A family member will then be able to register the death and proceed with funeral arrangements. There will be no further involvement from the Coroner’s Office.

Investigations

If a cause of death cannot be found at post mortem, or the coroner wishes to make further enquiries into the death, an investigation will be opened.

The family will be informed, and interim death certificates will be issued in lieu of death certificates from the Registrar.

If the pathologist has requested additional histological or toxicological analysis, the cause of death may not be confirmed for some months and the coroner’s office is unable to expedite this process.

If the cause of death is subsequently found to be natural, paperwork will be issued to the relevant register office and the family will be able to register the death. There will be no further involvement from the Coroner’s Office.

Inquests

Forthcoming inquests

If you are attending an inquest, please arrive at the Berkshire Town Hall at least 10 minutes before the inquest start time. When you arrive make yourself known to reception. Our court officer or a Coroner’s Court Support Service volunteer will greet you and take you to the correct court room. If for any reason you are running late on the day, please contact the office on 01189 372 300.

Inquests are required when a person has died due to unnatural causes, or due to natural causes whilst in state detention.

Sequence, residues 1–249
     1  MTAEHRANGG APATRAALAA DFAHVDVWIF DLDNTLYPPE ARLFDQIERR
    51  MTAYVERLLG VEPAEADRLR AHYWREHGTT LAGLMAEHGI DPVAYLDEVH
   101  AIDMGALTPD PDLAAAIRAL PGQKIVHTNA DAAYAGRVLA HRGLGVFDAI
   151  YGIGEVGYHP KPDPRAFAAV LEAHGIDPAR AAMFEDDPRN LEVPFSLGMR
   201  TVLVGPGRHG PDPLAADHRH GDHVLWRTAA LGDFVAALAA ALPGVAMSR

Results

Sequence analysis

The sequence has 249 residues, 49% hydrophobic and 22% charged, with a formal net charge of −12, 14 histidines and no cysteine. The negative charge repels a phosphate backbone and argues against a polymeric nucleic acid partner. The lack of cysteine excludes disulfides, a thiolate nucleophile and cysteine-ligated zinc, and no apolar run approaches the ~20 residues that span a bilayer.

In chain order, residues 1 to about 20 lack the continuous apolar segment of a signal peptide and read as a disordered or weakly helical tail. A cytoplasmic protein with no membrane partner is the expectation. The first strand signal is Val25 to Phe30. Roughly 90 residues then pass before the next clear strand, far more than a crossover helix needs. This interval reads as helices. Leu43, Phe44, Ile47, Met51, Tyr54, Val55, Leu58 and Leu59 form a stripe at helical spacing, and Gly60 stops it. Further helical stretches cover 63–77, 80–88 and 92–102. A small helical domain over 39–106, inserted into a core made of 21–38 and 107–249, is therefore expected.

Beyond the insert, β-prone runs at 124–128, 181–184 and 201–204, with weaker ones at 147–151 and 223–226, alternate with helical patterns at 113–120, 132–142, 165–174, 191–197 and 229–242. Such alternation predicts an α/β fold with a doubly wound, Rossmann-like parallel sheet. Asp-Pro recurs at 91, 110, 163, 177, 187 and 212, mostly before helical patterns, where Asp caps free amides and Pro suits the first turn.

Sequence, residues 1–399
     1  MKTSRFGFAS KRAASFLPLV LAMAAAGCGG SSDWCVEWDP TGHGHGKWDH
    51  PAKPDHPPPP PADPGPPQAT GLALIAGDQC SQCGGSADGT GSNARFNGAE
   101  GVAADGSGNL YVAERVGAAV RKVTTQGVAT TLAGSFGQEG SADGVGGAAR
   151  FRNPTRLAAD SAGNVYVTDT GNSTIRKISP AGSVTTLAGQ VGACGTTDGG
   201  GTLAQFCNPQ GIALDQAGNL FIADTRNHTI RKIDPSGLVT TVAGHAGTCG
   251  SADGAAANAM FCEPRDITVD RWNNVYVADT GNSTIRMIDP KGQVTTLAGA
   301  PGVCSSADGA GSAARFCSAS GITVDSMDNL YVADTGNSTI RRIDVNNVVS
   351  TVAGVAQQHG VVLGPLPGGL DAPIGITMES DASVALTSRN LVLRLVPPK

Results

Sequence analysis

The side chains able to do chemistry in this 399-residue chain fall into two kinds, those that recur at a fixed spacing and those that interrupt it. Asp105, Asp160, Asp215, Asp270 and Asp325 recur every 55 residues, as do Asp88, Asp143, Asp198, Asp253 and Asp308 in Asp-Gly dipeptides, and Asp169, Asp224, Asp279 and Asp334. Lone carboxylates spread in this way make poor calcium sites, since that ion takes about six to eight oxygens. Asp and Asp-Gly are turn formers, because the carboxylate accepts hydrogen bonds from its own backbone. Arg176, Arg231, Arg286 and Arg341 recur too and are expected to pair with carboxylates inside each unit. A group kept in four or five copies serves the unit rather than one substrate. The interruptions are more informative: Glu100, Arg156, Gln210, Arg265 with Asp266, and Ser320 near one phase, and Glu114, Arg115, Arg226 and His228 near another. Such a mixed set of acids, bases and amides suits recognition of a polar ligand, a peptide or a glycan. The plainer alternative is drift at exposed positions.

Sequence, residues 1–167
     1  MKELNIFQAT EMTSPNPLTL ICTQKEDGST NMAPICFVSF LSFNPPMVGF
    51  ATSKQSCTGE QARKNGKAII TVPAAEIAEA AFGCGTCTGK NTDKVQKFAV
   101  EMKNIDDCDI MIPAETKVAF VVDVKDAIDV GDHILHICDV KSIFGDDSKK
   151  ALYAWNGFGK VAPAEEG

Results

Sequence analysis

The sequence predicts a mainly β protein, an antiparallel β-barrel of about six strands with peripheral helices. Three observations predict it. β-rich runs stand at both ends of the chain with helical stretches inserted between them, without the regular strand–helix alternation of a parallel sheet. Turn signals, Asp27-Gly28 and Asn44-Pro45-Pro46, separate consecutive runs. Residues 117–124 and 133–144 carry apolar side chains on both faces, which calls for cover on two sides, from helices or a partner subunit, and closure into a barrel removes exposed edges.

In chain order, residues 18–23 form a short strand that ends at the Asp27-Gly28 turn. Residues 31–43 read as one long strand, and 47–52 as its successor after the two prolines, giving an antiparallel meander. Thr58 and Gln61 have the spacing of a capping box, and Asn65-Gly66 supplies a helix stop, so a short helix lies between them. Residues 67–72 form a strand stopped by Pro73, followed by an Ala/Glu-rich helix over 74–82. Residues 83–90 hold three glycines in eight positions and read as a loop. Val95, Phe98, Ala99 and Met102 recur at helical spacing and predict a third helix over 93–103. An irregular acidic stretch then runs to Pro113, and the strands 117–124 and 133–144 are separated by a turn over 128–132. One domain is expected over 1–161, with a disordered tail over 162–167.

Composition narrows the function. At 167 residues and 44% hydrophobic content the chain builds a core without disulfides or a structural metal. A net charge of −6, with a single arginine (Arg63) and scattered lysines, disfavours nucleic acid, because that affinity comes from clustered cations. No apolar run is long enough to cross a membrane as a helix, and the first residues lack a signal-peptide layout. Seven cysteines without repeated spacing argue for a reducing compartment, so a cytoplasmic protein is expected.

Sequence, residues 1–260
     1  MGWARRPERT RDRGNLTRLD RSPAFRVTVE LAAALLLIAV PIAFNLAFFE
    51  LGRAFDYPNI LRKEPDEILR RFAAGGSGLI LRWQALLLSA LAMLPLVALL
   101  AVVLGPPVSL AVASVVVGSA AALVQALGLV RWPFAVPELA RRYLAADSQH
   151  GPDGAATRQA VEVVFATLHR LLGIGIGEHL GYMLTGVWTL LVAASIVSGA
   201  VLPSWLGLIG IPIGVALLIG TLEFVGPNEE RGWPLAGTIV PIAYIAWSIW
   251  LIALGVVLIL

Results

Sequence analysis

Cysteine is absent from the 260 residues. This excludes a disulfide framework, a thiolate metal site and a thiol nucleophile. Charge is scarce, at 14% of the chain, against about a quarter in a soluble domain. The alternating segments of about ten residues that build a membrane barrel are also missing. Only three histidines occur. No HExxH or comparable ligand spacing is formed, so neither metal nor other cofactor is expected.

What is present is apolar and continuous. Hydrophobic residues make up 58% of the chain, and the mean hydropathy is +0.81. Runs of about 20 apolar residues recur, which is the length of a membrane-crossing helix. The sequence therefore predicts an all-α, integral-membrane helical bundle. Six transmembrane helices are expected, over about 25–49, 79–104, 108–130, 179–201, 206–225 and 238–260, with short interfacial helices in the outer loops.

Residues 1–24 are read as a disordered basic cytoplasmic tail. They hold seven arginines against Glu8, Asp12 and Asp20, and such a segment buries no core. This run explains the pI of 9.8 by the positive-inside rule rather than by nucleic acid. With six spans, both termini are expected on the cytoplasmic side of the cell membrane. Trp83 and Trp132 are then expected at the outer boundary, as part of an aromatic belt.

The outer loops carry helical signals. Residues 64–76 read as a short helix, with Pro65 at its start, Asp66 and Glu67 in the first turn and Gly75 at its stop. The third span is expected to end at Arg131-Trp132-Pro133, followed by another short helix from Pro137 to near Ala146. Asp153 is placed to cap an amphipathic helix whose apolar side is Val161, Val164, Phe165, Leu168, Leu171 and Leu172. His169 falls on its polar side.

Inquests are public enquiries with the coroner acting on behalf of the family to establish the four statutory facts of a person’s death:

  • Who it is that has passed away
  • When
  • Where
  • How they came by their death

The family will be informed of the statutory need for an inquest, and interim death certificates will be issued in lieu of death certificates from the Registrar.

Families will be kept updated as to when the inquest will take place and will be invited to attend if they wish.

Please notify your coroner’s officer if you intend to instruct legal representation.

For further information, please read the government ‘Guide to Coroner Services’ booklet.

Inquests in Writing

Since 28th June 2022, the coroner was given the right to hold inquests in writing. This will apply to any straightforward and uncontentious cases in which a hearing in writing might be appropriate.

This will apply to inquests where:

  • Family and/or interested persons have no objections
  • No-one else provides reasonable grounds that a hearing should take place
  • The coroner considers that there is no real prospect of disagreement as to the inquest’s determinations or findings; and
  • It is considered that no public interest would be served by a hearing

These inquests will not have a set time or date, instead taking place within a given week. They will not be heard or recorded within a court and there will be no witnesses or attendees. The coroner will provide a written note of their conclusion.

The inquest will take place during the week commencing on the following Monday, allowing 7 clear days in which submissions can be made to the coroner for a full hearing.

If you have reasonable grounds to request that a full hearing should take place, please email your reasons to coroner@reading.gov.uk

For more information about the Coroner’s Service, please visit https://www.gov.uk/government/publications/guide-to-coroner-services-and-coroner-investigations-a-short-guide

Last updated on 11/06/2024